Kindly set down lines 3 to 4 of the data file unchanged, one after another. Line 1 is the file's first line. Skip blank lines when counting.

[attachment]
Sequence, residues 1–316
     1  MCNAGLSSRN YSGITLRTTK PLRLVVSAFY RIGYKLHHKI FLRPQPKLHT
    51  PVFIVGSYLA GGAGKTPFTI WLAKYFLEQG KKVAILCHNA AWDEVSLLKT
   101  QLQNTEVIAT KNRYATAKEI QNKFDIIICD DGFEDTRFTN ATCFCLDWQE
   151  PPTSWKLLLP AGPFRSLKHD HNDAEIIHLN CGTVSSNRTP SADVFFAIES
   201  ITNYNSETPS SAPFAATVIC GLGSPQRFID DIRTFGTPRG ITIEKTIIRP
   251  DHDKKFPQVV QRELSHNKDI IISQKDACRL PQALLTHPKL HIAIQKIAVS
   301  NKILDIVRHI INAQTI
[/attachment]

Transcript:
    51  PVFIVGSYLA GGAGKTPFTI WLAKYFLEQG KKVAILCHNA AWDEVSLLKT
   101  QLQNTEVIAT KNRYATAKEI QNKFDIIICD DGFEDTRFTN ATCFCLDWQE